20.5 Binge-Eating Disorder

Binge eating disorder (BED) is the most common eating disorder, is characterized by repeated episodes of excessive eating in short amounts of time, and is accompanied by the inability to control eating. Loss of control over eating can cause feelings of shame or guilt. BED differs from bulimia in that there are no repeated purging behaviors that occur in BED and clients with BED tend to be overweight. There are several medical complications associated with BED that may require nursing care. Treatment of BED requires a collaborative approach that includes medications, psychotherapy, behavioral therapies, and surgical interventions. The goals of treating BED include weight loss and changing disordered eating patterns, which a therapeutic relationship with the client can help facilitate.

20.6 Pica

Pica is an eating disorder where people consume nonfood items repeatedly. Medical complications can occur with pica that require immediate medical intervention. Consumption of nonfood items may not be considered pica if it is a culturally accepted practice or occurs in children under the age of two. The cause of pica is unknown, but there are several suspected etiologies and behavioral factors that are associated with pica, such as iron deficiency anemia. Pica can occur in pregnancy and, if severe, can cause harm to the mother and unborn child. Nutritional deficiencies and mental health comorbidities are also common in individuals with pica. Treatment includes restoring deficient minerals and nutrients, behavioral interventions, and prevention strategies. Nurses play an essential role in managing pica and can empower families to be active in the client’s plan of care.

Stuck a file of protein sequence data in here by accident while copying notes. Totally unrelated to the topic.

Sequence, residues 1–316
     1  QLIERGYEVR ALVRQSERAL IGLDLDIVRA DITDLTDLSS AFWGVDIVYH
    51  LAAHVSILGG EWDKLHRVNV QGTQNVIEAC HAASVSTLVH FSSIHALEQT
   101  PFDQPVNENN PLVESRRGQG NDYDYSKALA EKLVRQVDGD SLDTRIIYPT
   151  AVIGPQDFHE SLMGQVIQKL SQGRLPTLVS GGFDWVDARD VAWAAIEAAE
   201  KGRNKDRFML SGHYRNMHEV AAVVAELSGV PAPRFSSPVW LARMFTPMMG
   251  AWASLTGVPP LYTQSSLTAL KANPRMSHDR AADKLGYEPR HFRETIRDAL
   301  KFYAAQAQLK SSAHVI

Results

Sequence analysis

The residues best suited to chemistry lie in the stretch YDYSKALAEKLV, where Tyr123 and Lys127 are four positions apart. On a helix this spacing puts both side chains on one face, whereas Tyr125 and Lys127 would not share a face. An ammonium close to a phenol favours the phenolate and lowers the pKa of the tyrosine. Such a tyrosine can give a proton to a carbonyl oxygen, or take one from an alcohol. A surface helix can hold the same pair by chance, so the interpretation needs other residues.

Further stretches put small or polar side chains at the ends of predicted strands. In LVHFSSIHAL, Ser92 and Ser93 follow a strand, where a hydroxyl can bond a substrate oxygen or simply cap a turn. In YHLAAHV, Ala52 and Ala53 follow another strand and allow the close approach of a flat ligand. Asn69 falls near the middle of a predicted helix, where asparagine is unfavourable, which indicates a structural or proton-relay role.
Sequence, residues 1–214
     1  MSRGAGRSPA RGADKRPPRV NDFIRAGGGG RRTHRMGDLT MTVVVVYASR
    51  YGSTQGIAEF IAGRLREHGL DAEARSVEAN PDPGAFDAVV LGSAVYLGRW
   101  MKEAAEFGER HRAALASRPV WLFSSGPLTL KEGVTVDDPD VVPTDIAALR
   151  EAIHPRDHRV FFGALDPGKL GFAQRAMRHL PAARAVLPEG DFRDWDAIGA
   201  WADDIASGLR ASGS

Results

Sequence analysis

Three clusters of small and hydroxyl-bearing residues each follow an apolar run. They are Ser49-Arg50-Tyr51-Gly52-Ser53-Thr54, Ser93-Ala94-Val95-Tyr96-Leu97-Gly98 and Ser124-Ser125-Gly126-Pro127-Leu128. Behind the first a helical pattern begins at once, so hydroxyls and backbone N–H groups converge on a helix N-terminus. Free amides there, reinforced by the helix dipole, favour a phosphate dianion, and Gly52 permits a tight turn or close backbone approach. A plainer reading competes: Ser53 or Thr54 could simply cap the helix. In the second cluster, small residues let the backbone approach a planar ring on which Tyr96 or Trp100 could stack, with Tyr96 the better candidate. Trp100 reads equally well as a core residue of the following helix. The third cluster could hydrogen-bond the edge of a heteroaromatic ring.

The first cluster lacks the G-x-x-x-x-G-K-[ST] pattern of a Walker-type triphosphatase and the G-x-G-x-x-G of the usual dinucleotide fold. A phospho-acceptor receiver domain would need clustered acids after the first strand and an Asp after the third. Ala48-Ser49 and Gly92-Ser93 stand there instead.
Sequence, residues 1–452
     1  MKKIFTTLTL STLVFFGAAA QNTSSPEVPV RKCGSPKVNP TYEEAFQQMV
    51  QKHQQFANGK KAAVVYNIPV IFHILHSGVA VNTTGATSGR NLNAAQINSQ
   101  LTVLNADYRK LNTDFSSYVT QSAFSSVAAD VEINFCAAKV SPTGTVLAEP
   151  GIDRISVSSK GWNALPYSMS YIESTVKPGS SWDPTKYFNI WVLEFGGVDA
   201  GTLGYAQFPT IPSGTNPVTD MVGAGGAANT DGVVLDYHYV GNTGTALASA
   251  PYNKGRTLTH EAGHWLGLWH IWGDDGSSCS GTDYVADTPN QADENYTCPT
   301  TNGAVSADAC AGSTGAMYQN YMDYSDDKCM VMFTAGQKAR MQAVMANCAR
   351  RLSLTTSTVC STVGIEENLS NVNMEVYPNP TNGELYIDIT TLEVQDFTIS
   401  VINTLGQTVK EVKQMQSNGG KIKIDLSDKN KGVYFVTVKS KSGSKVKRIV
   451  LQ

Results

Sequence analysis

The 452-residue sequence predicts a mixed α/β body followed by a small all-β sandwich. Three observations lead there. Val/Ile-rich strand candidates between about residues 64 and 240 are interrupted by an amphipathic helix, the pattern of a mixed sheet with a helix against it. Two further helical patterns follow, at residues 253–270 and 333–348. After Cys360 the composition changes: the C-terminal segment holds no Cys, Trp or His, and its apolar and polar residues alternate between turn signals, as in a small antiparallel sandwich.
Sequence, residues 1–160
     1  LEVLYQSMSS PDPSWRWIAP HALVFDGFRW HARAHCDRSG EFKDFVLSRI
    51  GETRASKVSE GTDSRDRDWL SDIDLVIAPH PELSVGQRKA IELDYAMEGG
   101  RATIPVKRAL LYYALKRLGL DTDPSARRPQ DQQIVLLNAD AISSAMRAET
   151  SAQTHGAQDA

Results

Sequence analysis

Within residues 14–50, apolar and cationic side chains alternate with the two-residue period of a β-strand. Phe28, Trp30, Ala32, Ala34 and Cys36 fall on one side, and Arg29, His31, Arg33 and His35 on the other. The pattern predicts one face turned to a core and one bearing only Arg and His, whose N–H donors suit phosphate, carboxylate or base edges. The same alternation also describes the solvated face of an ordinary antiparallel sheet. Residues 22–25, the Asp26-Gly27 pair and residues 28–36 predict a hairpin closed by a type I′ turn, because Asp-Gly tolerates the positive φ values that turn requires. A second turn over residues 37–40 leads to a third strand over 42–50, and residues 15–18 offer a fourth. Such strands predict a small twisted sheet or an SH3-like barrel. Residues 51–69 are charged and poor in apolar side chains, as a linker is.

20.7 Rumination Disorder

Rumination syndrome is an eating disorder where food is repeatedly regurgitated and rechewed or spat out after being ingested. It affects all ages, but the age of onset for infants is typically between three and twelve months. It can mimic gastrointestinal conditions, so it is important to rule out gastrointestinal causes when assessing for rumination syndrome. Medical complications can occur with rumination disorders, such as dental erosions, choking, and nutritional deficiencies. The most effective treatments for rumination syndrome are behavioral therapies such as diaphragmatic breathing. Other treatment options include medication, cognitive behavioral therapy, and family therapy. Client education, family support, and empowerment are essential to treating individuals with rumination disorder.